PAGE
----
On October 30, Lula was elected to the presidency after surviving a political persecution that threw him behind bars and kept him from running in 2018, paving the way for Bolsonaro’s disastrous term. Brazilian scholar-activist Diana Aguiar is back to answer questions like: is Lula’s government coup-proof? What will he be able to do in power? What will the right-wing do out of power? What happens in the region and what’s Brazil’s role in the world going to be in the next four years?
Reading Corelli Barnett, David Cannadine, and others, our stop today on the pre-WWI Europe tour is Britain, which has reached the very heights of world domination only to discover that they are being out-innovated and out-educated by rising imperial rivals. While social imperialists begged for consolidation of the white Anglosphere, a strategy given the old college try, it wasn’t to be. How the British system went into decline and the role it played in causing WWI, in this episode of WW Civ.
In this long episode we ask the question: what in the intellectualism of the early 20th century may have contributed to the climate that led to WW1? After reading Losurdo’s long book about Nietzsche, Justin does a deep dive into Nietzschean thinking about Great Men and genius and mediocrity; Dave covers militarism and nationalism; Justin comes back with some history on the 2nd International and the widespread belief in the inevitability of socialism; and we talk about the dual beliefs that war was inevitable and that war was impossible — and how they both contributed to the war happening.
Stan Cox is back for In Real Time episode 7, where we track the climate crisis and do other environmental talk. Stan reports back from some interviews he did with activists who are working locally on the climate crisis as we head towards two touchstones in November – the COP 27 conference in Egypt, from which nothing much is likely to emerge; and the November US elections, from which not much good can be expected either. And a bit from me about connections between neocolonialism and environmental destruction.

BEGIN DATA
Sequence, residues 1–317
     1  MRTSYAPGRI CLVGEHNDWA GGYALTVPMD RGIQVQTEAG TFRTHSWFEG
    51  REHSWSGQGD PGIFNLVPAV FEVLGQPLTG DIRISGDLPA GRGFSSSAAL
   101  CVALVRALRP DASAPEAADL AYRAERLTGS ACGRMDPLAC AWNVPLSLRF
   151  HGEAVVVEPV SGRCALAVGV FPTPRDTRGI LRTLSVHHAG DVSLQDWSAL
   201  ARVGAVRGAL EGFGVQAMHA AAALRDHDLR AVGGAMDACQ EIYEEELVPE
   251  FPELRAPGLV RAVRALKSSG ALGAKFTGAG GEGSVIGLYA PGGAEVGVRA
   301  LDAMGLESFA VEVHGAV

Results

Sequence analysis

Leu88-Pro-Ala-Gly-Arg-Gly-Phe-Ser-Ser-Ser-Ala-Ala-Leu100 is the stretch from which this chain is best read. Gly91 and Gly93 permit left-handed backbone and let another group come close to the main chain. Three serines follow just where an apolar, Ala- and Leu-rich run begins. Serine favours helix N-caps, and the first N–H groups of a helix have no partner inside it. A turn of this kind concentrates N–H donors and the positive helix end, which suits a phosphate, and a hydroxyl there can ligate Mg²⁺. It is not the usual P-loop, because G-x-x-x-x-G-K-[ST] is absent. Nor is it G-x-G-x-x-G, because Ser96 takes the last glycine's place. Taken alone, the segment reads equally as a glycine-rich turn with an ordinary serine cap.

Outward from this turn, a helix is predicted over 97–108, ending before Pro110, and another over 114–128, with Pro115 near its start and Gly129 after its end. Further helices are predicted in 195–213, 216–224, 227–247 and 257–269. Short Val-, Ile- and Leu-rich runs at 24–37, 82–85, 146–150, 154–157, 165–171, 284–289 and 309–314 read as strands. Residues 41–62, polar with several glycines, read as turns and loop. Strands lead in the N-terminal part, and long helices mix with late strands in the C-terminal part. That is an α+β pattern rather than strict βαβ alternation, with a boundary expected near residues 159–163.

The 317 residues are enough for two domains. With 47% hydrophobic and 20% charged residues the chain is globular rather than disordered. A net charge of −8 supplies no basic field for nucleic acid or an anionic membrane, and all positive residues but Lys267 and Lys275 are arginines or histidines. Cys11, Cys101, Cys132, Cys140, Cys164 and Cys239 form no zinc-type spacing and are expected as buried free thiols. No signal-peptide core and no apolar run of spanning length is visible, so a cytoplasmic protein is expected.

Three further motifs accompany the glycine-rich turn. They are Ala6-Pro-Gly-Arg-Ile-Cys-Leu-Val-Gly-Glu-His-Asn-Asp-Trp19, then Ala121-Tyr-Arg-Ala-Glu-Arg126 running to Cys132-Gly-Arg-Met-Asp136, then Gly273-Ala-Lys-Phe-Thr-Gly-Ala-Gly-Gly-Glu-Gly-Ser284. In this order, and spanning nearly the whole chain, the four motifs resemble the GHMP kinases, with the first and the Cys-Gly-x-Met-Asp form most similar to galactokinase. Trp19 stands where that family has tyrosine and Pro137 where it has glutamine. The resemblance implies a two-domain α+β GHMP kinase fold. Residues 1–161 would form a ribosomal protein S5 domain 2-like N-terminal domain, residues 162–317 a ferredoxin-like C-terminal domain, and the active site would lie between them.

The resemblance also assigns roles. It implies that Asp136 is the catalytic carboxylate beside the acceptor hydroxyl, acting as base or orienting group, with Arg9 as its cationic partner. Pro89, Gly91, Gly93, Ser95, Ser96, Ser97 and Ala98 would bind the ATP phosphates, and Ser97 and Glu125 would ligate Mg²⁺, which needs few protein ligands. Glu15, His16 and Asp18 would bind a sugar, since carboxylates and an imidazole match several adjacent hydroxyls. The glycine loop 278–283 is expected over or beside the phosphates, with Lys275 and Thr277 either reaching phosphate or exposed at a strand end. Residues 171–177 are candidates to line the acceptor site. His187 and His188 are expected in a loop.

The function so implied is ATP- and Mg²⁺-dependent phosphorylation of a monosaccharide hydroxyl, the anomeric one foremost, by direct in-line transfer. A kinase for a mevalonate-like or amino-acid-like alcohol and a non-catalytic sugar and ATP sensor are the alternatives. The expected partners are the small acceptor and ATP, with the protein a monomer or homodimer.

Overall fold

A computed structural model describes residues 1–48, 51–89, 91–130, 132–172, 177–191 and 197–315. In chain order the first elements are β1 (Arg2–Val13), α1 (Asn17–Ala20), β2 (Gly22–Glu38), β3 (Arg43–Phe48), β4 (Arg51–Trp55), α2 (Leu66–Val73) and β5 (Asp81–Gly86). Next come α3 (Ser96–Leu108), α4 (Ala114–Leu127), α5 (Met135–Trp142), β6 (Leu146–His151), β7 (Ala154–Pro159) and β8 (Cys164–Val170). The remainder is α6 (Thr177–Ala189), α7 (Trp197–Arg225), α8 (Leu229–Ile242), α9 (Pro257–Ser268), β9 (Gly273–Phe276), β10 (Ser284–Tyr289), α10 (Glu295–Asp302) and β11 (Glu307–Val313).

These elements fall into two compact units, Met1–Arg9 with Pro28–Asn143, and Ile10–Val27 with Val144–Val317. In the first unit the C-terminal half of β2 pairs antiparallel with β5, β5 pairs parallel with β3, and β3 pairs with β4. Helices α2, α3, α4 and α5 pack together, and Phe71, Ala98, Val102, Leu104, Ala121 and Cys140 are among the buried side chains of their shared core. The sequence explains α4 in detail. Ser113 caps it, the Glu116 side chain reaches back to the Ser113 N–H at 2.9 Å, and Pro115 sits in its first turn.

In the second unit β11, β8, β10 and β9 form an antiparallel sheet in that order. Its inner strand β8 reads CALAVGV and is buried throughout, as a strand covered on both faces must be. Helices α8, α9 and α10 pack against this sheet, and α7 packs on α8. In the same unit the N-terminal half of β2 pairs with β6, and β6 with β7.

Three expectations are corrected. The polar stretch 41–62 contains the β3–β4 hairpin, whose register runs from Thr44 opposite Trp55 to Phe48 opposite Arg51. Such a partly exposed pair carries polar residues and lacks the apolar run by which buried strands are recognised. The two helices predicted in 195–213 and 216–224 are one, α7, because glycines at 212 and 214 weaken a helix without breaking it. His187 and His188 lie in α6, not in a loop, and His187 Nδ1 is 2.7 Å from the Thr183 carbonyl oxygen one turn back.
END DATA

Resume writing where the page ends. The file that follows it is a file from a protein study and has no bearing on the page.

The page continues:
How do you turn a local conflict into a world war? Create an intricate set of alliances that guarantees it! Dave takes us on a tour of the construction of the alliance system from the Emperors’ Leagues to the Congress of Berlin to the Triple Alliance to the Reinsurance Treaty and more. How British and Bismarckian Balance-of-Power games made things so balanced that they could only collapse, in our second episode on the causes of WW1.
CO2 pipelines are proof of the principle that “the greatest source of problems is solutions”. Stan Cox is back to shoot down the notion that CO2 pipelines are going to save us. Justin, meanwhile, has finally read Rachel Carson’s 1962 classic Silent Spring, which as an environmental prof he should have read decades ago. Find out who’s fighting the pipelines to nowhere and what Rachel Carson had to say about the human liver, in September’s dispatch.
The Scramble for Africa is over. Greedy European powers can now only expand at one another’s expense. Du Bois and Lenin both thought this made a big European war inevitable. But others at the time thought it impossible. After two years we are ready to begin the 20th century with something your history classes never fail to discuss – the causes of World War 1. And so we begin the new series, World War Civ, which will include WW1, the Interwar period, WW2, and the aftermath, which will be followed by our Civilizations:Decolonization series – but that will be a while, so relax and get ready for World War Civ.
Democracy means “the people rule”. But do the people rule in the “democratic” systems that form governments all over the world? Are these democratic governments less repressive or authoritarian than those without the democratic certification? And does the democratic system of frequent multiparty elections deliver the developmental goods?
Talking to Vik Sohonie, former journalist who runs the grammy-award nominated Ostinato Records, about why Democracy (TM) fails the Global South.
An update on the unfolding post-coup in Pakistan. Talking to Waqas Ahmad again about the threat to arrest Imran Khan, the remarkable result of the election in Punjab where PTI won 15/20 seats, the arrest and torture of Shehbaz Gill and many others, the articles in the NYT and Time Magazine about how the coup government’s repression might be backfiring, and more.
At the peak of global colonialism no island however small was exempted from European greed. We conclude our Scramble for Oceania series with the scrambles for the many islands in the Pacific. Many of these are still colonies today, given names like “special overseas territory” to hide the fact. ALSO: I’m trying to do loudness normalization so hopefully the listening experience is improved.